It was just three days into the New Year, a time of optimism and new aspirations. For you and I.
But for her, it was the last day ever.
Sue Mason, I’m honoured to say my lovely friend for over 20 years, lost her fight for life in the early hours of January 3.
I last saw her the day before, having hurtled to her home in Hull knowing she could go at any moment.
On that journey, I was scared. Of getting there too late, but also of getting there in time; what if she was in pain, or distressed?
Selfishly, I wanted the vision I had of her in my mind to be the one from a fortnight before, sat up in bed, excitedly sorting out her children’s Christmas presents.
But I stepped into the most reassuring scene. One that reminds you of the saddest, yet the most ultimately wonderful thing about death. That life goes on without you.
Sue was not in pain. She was in and out of consciousness and somehow managed to open her eyes and smile at me, as she had done all of her friends who arrived that day.
Her bedroom was filled with people who loved her. They weren’t weeping, they were chatting quietly. To each other and to her. By her side was husband Norman, her mother, her grown-up step-children and their partners and her two beautiful daughters. The youngest, Hattie, just nine, skipped in and out, holding her mother’s hand one minute, dashing off to bake buns the next.
Serena, 16 and so aptly named, sat hoping but knowing for hour on hour, then took a break to help make lasagne for tea.
It was exactly what Sue would have wanted them all to be doing and there could not have been a lovelier atmosphere in your final hours. Life was happening, all around her. As it would, she knew, once she had gone.
Though fight she did. She clung to every second with the children she had so many times said she could not - would not - leave.
That resolve had kept her going from the moment she was told by doctors that the nagging back pain she had been coping with was a cancerous tumour in her spine.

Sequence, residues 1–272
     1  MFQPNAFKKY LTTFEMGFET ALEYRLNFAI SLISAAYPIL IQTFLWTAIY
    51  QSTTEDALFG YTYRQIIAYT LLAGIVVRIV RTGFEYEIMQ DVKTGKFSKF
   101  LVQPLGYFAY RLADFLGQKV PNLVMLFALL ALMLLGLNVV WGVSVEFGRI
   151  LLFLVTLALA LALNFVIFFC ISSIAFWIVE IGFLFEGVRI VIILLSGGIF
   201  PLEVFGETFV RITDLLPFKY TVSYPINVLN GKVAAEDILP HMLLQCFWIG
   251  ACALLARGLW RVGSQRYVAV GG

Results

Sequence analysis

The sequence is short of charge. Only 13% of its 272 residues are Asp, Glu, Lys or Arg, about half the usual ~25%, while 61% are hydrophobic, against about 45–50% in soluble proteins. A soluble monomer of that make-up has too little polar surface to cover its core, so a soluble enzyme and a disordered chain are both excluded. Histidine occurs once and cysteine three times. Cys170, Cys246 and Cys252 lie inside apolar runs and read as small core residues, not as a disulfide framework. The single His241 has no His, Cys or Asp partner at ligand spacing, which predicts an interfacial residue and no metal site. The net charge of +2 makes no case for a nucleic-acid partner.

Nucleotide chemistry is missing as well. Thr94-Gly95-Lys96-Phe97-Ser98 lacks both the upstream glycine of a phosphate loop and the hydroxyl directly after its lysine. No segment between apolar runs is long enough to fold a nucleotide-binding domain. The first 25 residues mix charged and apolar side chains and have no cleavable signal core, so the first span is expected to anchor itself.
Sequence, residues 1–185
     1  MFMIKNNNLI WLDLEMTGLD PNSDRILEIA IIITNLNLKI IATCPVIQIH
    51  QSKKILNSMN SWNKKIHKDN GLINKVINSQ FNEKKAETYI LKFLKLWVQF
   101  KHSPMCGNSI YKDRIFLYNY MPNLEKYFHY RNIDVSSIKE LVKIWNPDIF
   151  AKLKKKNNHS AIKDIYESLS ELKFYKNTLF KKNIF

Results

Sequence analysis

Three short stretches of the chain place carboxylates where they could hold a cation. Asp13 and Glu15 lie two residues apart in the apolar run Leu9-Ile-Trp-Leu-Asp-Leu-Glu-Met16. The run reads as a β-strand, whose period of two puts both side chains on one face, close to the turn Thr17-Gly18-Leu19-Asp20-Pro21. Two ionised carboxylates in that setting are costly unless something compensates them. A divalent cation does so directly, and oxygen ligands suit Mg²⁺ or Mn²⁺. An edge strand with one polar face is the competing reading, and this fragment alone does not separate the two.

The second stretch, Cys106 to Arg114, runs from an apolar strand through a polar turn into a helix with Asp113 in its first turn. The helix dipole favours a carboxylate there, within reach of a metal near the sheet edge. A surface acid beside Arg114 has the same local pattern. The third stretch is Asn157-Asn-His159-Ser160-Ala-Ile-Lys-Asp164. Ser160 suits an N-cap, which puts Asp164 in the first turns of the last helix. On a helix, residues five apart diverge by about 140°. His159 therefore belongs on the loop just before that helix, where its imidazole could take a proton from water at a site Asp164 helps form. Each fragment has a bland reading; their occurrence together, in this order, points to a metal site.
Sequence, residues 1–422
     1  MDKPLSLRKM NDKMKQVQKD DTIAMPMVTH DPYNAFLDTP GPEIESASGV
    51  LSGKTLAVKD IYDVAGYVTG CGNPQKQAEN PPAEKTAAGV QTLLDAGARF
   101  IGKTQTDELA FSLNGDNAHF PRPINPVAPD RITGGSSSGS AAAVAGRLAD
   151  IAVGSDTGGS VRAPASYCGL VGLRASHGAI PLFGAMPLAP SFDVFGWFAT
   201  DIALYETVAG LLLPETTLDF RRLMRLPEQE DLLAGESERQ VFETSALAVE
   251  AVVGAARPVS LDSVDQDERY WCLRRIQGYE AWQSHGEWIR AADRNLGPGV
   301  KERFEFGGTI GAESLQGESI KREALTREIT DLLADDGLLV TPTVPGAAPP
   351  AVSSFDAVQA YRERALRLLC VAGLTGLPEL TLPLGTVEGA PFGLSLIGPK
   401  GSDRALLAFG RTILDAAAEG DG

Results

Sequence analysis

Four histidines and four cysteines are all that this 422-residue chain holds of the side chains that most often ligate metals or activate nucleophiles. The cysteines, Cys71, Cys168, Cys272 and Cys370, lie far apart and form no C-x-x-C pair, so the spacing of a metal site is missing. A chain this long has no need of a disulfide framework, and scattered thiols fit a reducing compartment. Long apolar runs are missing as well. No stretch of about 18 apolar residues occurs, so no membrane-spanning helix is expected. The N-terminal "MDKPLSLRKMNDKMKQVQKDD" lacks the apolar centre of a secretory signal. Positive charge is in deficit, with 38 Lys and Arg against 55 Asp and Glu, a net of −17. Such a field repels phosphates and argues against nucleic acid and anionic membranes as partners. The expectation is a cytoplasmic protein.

As if that was not devastating enough, there was this; the growth in her bone was a secondary. For some time, she had unwittingly been suffering from breast cancer.
Ever-smiling, always sweet Sue was intelligent and worldly-wise. A farmer’s daughter who became a journalist, she dealt in the gritty realities of life and knew what her diagnosis meant.
But for over a year, she simply refused to believe there was no hope and looked at the positives throughout. Losing the ability to walk more than a few steps? What did that matter, as long as she was still with her girls.
She was only 52. She should have been able to help them become women, and, eventually, mothers. Her loss, and theirs, is immeasurable.
Every day since she died, there has been some little thing I wished she could see. Like the rain on the window, a sudden, brilliant burst of winter sun. The January snowdrops I spotted yesterday, battling their way through frozen earth. They remind me of Sue. Sweet and unshowy, yet valiant and determined.
Selfishly, I reflect on the emails I didn’t send because I got too busy at work, the calls I didn’t make because I’d wanted to have my tea, then watch telly, then realised it had got too late.
I’d resolve to call her another day. Because you always kid yourself there is going to be one, don’t you?